We have, of course, seen a significant impact upon Aero Norway as a result of the pandemic and have adapted our working practices to support our customers as well as protecting our team. Although we have been busy and have been fortunate that we have kept our skilled workforce intact, we will certainly not be reaching 2019 revenue levels due to the reduced number of shop visits. We have seen more CFM56-3s coming to the shop for induction and are carrying out repairs on CFM56-5Bs and CFM56-7Bs, but fewer engines are coming in for major overhaul.

Aero Norway’s has always been on supporting our customers and as part of this we are undertaking short and hospital workscopes on engines as a bespoke service. More and more engine MROs are gearing up for these short workscopes as demand increases, and even though not our core business model, we are offering these services for existing customers. Another shift we have observed is that customers are sending us engines which we would ordinarily work on in-the-field because of restrictions in flying and quarantines in place. However, we are still carrying out field work for target customers or existing customers requiring additional support.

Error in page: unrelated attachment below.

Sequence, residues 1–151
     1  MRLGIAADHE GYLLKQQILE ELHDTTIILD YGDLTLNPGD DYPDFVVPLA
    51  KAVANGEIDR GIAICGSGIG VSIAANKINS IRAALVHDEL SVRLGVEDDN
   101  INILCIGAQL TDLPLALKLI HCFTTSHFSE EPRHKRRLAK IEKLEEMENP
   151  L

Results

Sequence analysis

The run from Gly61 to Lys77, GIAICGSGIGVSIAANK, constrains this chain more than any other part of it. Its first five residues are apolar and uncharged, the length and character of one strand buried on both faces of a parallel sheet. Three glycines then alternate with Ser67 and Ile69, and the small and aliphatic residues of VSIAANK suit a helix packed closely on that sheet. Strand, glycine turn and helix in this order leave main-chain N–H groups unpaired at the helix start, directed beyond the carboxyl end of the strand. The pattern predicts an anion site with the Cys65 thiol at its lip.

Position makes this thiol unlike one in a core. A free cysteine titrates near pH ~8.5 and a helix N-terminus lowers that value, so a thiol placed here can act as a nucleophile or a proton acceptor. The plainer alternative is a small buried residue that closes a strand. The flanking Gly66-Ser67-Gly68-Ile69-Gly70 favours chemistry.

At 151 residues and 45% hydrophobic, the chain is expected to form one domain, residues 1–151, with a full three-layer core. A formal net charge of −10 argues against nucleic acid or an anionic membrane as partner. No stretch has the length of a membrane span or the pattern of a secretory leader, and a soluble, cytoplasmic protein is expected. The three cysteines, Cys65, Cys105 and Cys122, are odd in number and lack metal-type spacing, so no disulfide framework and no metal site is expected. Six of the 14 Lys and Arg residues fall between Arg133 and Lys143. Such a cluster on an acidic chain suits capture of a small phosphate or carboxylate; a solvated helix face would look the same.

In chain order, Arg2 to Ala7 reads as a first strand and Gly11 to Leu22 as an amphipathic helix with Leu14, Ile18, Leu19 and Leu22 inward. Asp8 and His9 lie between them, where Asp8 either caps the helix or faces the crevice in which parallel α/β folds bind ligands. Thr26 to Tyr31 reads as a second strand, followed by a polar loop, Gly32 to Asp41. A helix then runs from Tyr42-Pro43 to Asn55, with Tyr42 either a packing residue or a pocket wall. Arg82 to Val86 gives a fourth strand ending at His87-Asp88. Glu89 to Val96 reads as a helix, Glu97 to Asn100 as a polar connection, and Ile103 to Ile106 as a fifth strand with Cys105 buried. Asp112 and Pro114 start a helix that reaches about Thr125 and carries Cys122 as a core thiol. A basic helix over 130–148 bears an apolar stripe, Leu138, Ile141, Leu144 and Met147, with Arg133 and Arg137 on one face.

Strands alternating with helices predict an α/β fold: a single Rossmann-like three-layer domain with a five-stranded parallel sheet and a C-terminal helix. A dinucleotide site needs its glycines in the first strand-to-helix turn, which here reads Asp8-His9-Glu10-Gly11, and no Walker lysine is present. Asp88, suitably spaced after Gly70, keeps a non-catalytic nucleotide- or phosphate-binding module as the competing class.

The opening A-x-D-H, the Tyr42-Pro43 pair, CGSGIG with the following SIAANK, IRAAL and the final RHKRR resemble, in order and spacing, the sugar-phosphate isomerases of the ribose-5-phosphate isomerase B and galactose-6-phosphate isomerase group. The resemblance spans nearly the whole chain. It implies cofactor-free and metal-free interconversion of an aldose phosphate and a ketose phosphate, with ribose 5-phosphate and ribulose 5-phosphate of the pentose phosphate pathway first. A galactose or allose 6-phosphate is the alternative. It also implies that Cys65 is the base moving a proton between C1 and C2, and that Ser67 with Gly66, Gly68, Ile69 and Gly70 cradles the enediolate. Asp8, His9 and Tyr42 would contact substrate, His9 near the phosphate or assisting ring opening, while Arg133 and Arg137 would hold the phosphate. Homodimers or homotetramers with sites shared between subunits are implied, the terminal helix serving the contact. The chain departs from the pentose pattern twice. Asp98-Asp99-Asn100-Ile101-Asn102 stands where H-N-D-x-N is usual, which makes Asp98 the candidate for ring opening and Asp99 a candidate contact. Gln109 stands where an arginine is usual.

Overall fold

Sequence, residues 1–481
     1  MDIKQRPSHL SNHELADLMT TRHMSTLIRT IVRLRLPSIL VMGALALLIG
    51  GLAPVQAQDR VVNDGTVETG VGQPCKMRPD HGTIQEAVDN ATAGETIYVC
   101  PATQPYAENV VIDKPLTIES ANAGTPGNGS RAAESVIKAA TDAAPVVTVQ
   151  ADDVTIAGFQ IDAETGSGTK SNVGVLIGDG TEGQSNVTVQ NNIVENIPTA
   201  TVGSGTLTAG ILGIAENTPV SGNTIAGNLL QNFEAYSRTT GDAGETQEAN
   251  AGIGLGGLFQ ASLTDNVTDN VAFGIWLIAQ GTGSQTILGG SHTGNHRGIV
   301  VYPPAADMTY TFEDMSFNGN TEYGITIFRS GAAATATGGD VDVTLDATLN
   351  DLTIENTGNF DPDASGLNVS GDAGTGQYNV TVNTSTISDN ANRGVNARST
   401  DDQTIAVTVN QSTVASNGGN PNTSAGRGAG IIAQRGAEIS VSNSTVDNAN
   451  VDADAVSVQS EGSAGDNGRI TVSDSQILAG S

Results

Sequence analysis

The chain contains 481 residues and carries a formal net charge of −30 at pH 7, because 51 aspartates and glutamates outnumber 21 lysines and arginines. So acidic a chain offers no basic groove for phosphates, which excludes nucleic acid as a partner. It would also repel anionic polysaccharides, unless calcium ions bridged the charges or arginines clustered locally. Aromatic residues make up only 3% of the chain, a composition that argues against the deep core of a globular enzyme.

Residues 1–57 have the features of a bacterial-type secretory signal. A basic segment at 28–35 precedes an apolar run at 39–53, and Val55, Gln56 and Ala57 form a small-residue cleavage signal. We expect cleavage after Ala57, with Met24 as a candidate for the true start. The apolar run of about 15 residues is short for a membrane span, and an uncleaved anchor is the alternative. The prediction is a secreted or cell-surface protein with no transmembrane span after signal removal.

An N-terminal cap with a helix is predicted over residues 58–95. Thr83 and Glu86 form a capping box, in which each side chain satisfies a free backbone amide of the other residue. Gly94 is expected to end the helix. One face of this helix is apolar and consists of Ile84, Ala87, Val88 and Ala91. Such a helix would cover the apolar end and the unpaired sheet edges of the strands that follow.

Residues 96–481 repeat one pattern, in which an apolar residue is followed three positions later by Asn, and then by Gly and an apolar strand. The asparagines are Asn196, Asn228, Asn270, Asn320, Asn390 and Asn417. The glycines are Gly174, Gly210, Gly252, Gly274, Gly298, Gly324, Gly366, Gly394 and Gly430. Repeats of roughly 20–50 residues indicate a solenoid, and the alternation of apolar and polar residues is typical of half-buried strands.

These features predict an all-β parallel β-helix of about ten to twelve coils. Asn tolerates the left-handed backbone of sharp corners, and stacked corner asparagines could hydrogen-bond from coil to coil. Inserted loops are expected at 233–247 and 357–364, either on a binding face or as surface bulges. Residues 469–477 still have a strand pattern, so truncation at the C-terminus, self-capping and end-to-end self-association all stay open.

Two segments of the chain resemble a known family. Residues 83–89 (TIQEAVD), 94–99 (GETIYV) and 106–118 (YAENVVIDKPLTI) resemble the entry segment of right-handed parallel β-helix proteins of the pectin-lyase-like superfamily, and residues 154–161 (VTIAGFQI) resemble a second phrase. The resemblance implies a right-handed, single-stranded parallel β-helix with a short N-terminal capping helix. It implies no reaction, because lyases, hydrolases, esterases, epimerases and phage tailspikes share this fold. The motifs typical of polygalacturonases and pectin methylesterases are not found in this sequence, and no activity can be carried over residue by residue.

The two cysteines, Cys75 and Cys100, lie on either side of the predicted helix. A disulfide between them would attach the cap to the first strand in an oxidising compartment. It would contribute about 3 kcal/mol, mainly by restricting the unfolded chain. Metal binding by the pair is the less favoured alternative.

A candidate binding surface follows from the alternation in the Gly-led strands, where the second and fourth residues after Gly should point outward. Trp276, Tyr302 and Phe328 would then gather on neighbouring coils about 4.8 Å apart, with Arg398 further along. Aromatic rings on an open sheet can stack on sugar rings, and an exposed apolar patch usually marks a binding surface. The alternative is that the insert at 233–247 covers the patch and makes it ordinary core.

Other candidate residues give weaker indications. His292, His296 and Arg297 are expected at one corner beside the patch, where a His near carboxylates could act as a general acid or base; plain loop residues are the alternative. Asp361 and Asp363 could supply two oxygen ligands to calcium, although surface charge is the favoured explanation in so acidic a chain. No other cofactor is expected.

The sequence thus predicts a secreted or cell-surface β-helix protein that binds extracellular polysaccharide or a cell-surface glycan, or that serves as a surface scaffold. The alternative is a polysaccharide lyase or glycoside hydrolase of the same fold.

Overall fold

Aero Norway is seeing more CFM56-3s and are carrying out repairs on CFM56-5Bs and CFM56-7Bs. However, Marston says fewer engines are coming in for major overhaul.
Aero Norway is seeing more CFM56-3s and are carrying out repairs on CFM56-5Bs and CFM56-7Bs. However, Marston says fewer engines are coming in for major overhaul.

What is your view of the outlook for airlines/aviation vis-à-vis the pandemic?

MARSTON:

With fewer people flying, and many aircraft grounded we can expect to see significant reductions in fleet sizes as operators are forced to restructure. I also anticipate increased numbers of Classic freighter engines in the shop as the demand for air cargo continues to rise. This restructuring will affect all MROs as there will be more engines available for teardown or part out. It may also help customers and Aero Norway as we will be able to acquire materials which were difficult to source in 2019. There is potential for 2021 to be to be a good year for that at least.